Whether the admissions relief is a significant benefit to the sector will depend on the ability of venues (particularly theatres and concert venues), to re-open buildings for live audiences on a viable basis in adherence with government guidelines issued for COVID-19 in February 2021. Online events have been the main way for venues to continue to operate during the crisis without a live audience.
Selling access to watch an event online is subject to different VAT rules from selling physical admission to your venue. When selling access to consumers to online content, you need to consider whether what is being supplied is an ‘electronically supplied service’ (ESS). This is important because unlike admission to a physical venue, an ESS is treated as liable to VAT in the customer’s country, not the country of the supplier/venue.
What is an Electronic Supply of Services?
An ESS is characterised by being essentially access to online content (e.g. a video recording of a concert/performance/event) delivered without human intervention, where the consumer is in control of the timing of delivery and obtains immediate access to the content after payment. As such, supplies of ESS to UK consumers are liable to 20% VAT, not the reduced rates, and supplies to EU consumers are liable to VAT at the rate applicable in the customer’s country.
Where however the internet is being used as a means for an audience to watch a performance which is happening live, as they watch/listen in real time (not a pre-recorded event), at a scheduled performance time, then HMRC’s comments on ‘live online performances’ in their guidance ‘VAT on admission charges to attractions’, suggests that this would not be regarded as an ESS and the temporary 5% and 12.5% admission rates in the UK could apply to all income, unless the performance was covered by the cultural exemption. This would also be subject to the cultural venue being the direct supplier – rather than an online platform.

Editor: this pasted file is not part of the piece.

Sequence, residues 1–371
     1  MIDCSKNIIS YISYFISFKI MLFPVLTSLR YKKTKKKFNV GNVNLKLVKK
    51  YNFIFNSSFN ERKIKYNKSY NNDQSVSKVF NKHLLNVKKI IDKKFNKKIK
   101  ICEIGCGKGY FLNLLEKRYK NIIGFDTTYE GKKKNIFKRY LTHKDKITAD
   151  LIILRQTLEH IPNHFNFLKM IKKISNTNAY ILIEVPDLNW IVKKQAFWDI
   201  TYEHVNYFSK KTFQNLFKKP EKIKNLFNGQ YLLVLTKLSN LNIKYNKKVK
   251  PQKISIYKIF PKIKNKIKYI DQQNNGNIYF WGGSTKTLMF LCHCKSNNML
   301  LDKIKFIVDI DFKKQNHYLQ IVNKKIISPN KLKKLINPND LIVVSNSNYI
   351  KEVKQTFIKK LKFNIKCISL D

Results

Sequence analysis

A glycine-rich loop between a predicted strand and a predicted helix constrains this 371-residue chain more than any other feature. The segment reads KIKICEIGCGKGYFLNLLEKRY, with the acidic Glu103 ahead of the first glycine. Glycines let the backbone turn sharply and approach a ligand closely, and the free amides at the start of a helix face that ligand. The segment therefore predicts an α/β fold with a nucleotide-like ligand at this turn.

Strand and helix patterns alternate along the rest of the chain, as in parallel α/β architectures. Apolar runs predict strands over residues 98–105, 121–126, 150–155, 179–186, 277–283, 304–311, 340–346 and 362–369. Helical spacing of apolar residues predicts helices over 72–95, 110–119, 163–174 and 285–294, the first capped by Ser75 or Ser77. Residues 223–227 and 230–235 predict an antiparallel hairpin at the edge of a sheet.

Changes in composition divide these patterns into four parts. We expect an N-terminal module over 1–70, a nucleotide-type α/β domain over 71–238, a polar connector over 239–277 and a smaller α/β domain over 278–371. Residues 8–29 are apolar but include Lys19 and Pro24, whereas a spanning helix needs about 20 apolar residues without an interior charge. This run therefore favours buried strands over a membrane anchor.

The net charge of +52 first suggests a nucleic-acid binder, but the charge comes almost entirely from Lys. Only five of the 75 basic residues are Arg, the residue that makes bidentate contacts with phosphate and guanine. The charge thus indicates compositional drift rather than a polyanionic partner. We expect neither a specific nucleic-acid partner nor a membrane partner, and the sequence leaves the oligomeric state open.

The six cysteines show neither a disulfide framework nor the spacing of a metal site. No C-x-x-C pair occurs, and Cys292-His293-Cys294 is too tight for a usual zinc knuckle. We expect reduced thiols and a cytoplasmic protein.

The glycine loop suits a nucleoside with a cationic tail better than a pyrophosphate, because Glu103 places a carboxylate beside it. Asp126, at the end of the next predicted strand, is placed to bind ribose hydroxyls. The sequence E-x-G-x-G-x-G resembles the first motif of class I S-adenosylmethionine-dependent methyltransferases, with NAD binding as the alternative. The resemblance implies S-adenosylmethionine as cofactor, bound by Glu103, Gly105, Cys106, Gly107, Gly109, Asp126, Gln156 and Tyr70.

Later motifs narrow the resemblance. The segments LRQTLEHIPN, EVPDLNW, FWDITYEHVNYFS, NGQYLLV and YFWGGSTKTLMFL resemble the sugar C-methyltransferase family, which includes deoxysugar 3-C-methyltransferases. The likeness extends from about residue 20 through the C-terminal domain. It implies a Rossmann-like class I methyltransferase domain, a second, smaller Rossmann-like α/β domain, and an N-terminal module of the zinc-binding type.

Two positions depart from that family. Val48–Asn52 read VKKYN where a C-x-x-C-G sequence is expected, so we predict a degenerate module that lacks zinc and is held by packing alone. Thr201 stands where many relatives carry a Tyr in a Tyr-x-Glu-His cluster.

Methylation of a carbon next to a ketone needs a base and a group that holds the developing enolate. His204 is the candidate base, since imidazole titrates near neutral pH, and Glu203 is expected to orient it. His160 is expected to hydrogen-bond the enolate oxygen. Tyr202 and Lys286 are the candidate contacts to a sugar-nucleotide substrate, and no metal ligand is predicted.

Where you are selling the initial ticket for the live performance, which also gives the person a right to “watch again”, that could be seen as a mixed supply but it may be possible to argue that later watches are ancillary. In this case, you should seek specific VAT advice tailored to your circumstances.
Liability to register in the EU - ESS
Until 1 January 2021, if the annual value of your total cross-border ESS to consumers in the EU was below £8,818 per year, then the place of supply was the UK and UK VAT was due. Over that threshold, the place of supply was where the consumer was located and in that case, the UK supplier was required to register in each EU member state where customers were based, or register and account for EU VAT on supplies to EU consumers under the VAT Mini One Stop Shop (‘MOSS’) in the UK.
When the UK left the EU on 1 January 2021 it lost the benefit of the £8818 threshold so that any ESS sale to an EU consumer would render the supplier liable to register in the EU under MOSS for non EU suppliers. UK cultural businesses supplying pre-recorded events therefore need to be aware of the VAT registration requirements in the EU. These are changing on 1 July 2021 when the EU introduces a new scheme for registration called the One Stop Shop. Click here for more information.